Kate's revolting mother and token villager once more threatens to be the only thing ever to make me want to fast forward through an episode, as she rants that Robin Hood - you know, the savior of the people whole villages build shrines to and everyone in town knows as the rightful ruler - is playing a war game with the Sheriff for selfish reasons. Is she retarded? Her screams of "Where were you when my son died?" really deserve a slap and "Where the fuck were YOU, bitch? You were hiding under a table and blaming everyone except yourself!" The hints that next week might be her final appearance simply can't come soon enough for me.

And Kate still doesn't do anything for me. She looks and acts like Phoebe from Friends, only less interestingly. All of this suggests to me that originally Eve would have returned but for some reason there's been a massive, last second rewrite and instead of recasting her, they've tried to make a completely different character out of her. Compare any scene of her with the bit where Alan and Tuck team up, with our former traitor once more proving he's got the most "Robin Hood"ness with bravery, intelligence, self-sacrifice and downright luck.

But with a surprisingly non-anachronistic plot, a new ongoing plot scenario, some Double-the-Fist style stunts and a heartwarming coda, Lost in Translation picks up after the relative drop in quality last week. The only problem with the story is a rather obvious device of swapping the translated Bible with another book, which no one even suggests trying!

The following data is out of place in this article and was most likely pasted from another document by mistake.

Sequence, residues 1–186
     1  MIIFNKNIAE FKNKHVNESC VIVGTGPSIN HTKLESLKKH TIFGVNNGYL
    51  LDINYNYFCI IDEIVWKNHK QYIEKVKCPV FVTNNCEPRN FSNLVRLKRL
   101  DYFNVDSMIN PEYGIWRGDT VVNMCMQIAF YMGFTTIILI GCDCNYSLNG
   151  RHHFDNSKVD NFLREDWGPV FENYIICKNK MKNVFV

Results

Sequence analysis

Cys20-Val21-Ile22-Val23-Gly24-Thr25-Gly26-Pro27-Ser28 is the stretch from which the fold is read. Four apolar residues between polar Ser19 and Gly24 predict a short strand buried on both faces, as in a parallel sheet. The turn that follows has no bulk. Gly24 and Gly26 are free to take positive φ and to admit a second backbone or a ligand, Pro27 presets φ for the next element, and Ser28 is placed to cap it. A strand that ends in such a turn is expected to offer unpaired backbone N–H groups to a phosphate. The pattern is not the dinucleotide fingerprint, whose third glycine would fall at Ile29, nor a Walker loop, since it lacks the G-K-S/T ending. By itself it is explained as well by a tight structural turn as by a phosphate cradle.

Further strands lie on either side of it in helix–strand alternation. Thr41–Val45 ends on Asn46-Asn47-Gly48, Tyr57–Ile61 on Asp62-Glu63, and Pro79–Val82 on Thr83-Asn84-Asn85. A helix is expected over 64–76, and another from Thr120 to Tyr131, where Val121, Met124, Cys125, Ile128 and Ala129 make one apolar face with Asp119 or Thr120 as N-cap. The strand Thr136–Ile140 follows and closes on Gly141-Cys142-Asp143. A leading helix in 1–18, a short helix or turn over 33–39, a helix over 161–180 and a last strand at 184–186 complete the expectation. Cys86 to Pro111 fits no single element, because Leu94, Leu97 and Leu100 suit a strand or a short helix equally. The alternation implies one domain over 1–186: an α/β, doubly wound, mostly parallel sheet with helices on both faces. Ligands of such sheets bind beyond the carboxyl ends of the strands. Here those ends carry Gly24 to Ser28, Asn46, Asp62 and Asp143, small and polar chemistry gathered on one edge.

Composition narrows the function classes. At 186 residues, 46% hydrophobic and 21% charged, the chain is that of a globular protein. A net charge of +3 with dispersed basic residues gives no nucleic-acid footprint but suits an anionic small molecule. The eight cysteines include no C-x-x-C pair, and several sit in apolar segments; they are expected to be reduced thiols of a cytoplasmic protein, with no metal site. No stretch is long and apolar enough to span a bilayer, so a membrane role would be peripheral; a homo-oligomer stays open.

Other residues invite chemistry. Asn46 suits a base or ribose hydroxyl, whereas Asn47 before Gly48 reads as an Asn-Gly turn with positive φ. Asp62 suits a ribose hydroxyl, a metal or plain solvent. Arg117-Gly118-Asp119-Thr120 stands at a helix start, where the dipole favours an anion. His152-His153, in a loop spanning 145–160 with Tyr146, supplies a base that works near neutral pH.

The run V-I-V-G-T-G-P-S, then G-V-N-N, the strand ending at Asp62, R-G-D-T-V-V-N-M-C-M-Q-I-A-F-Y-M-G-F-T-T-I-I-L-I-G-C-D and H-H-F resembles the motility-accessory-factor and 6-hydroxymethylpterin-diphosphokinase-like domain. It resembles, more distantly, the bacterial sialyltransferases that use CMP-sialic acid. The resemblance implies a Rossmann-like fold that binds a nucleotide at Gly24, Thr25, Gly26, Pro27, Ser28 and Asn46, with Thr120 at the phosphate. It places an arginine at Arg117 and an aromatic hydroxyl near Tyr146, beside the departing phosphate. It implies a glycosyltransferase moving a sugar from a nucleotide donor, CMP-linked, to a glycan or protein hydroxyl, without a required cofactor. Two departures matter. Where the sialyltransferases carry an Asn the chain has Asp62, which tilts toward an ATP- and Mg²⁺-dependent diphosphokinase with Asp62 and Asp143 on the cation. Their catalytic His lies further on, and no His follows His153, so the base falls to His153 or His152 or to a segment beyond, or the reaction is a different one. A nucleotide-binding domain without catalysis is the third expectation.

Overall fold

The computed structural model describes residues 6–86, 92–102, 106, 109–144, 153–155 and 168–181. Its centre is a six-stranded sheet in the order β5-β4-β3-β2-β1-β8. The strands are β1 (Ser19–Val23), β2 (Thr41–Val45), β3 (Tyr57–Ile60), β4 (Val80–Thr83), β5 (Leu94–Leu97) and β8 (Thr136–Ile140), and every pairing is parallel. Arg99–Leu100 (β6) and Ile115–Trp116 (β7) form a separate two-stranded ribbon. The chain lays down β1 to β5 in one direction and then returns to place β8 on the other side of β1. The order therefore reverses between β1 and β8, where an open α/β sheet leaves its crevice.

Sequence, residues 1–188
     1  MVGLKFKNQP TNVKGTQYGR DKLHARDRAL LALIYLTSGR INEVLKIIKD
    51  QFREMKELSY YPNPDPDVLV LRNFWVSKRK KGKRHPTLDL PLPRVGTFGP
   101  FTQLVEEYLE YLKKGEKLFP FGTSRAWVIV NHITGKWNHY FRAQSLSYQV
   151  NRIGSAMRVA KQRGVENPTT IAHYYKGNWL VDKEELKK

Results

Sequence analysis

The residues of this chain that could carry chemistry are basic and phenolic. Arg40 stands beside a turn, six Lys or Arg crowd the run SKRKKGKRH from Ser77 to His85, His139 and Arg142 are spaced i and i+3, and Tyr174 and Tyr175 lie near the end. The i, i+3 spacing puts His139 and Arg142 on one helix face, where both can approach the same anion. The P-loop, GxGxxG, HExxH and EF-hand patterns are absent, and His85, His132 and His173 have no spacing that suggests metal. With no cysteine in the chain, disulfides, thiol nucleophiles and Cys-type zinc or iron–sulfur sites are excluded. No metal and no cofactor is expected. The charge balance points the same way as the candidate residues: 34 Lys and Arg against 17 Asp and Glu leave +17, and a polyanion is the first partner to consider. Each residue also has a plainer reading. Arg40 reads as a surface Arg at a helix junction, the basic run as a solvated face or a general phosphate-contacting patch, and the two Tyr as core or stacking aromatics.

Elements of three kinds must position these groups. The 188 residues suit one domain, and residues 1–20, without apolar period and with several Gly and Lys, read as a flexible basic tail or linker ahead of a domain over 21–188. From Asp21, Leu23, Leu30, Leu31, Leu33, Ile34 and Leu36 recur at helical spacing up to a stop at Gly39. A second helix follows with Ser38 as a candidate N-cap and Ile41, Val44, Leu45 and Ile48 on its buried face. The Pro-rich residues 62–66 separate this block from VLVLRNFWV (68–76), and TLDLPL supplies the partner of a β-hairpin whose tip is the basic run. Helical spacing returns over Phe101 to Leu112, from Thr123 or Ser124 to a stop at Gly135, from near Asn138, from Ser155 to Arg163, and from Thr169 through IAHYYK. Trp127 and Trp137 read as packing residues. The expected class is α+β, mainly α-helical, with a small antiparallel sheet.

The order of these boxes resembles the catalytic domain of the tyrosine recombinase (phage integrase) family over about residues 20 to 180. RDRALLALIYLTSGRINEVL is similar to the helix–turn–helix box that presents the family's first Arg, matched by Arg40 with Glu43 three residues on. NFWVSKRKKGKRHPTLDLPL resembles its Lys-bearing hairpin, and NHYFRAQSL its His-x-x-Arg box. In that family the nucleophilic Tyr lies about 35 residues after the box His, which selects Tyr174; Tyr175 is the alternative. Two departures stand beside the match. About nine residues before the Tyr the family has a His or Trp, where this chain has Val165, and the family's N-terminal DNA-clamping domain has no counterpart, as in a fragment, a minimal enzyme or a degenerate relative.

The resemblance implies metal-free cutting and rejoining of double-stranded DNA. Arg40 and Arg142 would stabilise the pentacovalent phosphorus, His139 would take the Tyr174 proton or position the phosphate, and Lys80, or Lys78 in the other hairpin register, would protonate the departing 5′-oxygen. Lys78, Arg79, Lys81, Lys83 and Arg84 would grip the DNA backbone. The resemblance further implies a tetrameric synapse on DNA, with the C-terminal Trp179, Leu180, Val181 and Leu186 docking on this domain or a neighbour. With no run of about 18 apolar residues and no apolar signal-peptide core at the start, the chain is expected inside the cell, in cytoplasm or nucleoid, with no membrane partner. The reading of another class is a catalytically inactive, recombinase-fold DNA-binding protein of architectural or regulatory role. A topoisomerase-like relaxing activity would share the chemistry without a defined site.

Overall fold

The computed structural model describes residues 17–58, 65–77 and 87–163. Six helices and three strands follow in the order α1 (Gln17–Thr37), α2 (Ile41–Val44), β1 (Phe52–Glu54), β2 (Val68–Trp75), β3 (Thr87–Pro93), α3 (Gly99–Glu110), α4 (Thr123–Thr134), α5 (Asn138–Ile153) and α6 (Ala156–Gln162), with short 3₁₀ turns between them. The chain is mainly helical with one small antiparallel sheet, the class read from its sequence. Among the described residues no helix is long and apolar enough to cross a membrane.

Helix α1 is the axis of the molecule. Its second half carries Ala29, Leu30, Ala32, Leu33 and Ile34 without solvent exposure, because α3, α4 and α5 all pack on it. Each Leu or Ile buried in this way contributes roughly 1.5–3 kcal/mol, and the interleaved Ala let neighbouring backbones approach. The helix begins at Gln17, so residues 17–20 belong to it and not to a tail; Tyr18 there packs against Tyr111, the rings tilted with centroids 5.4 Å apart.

NEXT TIME: um... not sure...
"Robin Hood's not here to save you now..."
A Robert Holmes double act of Kevin Eldon and maybe-Sean-Pertwee arrive in town to claim the clash Prince John wants and they don't intend to let anyone or anything stand in the way. Will Guisborne return? Will Kate's mother die horribly? Will Prince John finally show his ugly mug?


Tuesday, April 7, 2009

Hang on...

By accident or design, RTD's Doctor Who has managed to rip me off on more than one occasion.

I haven't seen Planet of the Dead yet, give or take a trailer, and it might be completely original. Or at least not based on one of my abandoned Youth of Australia scripts. But just to note that I actually came up with a story back in 2005 - just after I first met Sparacus, in fact - called Planet of Death.

The main thrust of the plot - which I later turned into a short story called Last Man Standing on, before my aborted Ninth Doctor novella Carribean Blue - basically concerned a very powerful, crude teleport. I was inspired by some Today Tonight style infomercial show explaining that the theory of teleportation was flawed: if you had a device capable of creating a perfect copy of a living thing, you would end up with two of them, one at either end of the teleport. Ergo, to achieve a proper teleportation, you'd have to destroy the original. (Dave Stone gave that idea a nice reference in The Slow Empire, by the by).